Thus, it’s vital to consider this global versus specific country dynamic when interpreting these metrics to gain a more accurate and insightful understanding of your keyword performance.
The Impact of Personalized Search Results
With the advent of AI and machine learning, search engines have become incredibly proficient at personalizing search results based on individual user behavior, location, device, and more. The same keyword search by two different users may yield different results.
Let’s consider an example: You run a K-Pop merchandise store in Bangkok and optimize for the keyword “latest BTS album.” A BTS fan from Seoul searching this keyword might see different results than a fan from Tokyo due to personalization factors such as browsing history, language, and location. Thus, your website might register higher impressions, even if the reported search volume isn’t as high.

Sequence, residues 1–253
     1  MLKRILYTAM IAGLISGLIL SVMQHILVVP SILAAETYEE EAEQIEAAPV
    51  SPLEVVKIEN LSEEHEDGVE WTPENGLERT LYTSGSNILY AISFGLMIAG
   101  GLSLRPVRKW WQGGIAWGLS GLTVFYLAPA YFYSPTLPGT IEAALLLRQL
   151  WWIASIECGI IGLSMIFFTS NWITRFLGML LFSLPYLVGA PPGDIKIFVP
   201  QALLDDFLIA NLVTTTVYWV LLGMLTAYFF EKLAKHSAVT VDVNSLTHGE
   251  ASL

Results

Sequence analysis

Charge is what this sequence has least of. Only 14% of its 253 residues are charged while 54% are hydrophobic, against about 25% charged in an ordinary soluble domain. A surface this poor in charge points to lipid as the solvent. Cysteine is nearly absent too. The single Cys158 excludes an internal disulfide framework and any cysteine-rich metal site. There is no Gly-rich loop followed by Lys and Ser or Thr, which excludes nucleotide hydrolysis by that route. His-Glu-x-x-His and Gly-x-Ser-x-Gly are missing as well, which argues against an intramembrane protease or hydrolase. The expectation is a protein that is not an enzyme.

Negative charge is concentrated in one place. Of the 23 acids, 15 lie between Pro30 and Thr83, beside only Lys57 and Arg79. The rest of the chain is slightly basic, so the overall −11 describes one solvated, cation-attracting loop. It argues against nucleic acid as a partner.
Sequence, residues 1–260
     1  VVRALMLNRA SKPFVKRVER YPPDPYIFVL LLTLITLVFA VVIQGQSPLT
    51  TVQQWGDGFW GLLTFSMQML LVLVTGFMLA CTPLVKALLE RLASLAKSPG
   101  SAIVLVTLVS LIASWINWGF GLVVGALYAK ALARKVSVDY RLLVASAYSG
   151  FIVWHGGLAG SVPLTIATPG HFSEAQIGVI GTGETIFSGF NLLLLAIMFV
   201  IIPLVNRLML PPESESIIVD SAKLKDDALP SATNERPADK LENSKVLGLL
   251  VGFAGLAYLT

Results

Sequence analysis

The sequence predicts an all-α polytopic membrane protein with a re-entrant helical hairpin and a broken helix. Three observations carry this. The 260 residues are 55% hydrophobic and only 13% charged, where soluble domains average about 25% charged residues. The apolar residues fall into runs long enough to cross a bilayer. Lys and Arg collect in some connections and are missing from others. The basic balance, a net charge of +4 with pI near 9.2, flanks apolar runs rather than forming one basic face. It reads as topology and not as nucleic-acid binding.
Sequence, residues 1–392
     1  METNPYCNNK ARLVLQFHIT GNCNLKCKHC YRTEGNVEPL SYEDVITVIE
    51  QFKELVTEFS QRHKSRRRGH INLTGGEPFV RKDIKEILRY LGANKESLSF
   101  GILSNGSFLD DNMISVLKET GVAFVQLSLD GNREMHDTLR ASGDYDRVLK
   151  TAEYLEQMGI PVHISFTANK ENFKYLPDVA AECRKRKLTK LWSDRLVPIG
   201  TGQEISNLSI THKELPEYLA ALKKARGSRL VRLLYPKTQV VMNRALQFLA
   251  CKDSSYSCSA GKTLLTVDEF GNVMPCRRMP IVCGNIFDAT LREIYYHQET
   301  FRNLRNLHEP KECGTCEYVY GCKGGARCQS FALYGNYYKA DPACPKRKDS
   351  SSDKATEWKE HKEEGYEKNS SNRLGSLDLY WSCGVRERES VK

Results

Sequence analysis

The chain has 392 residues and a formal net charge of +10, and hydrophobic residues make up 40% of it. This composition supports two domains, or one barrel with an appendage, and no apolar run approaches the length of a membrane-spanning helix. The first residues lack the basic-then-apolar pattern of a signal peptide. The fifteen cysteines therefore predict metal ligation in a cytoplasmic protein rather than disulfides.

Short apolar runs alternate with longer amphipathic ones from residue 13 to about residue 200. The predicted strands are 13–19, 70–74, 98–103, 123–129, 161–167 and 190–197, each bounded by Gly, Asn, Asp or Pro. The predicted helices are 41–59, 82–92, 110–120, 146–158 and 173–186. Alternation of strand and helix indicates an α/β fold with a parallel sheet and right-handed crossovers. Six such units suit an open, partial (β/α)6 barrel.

The Google Perspective: John Mueller’s Insights
John Mueller, the Senior Search Analyst at Google, has voiced his insights on this perplexing matter: “The impressions are the impressions your site received in search. It’s not necessarily all the impressions shown to all users. It’s not the search volume.”
He further stated, “All tools guess & simplify search volume, so the numbers you see in search volume tools will always be wrong.” This underscores a crucial point. Both search volume and impressions are approximations. Keyword tools try to simplify a complex, fluctuating matrix of search data, whereas GSC counts only the impressions your site received, not all the impressions shown to users.
How Can You Leverage High Impressions and Low Search Volume?
How do we pivot this apparent conundrum of high impressions versus low search volume into a strategic advantage for your SEO game plan? The trick lies in diving beneath the surface, teasing user intent and competition apart.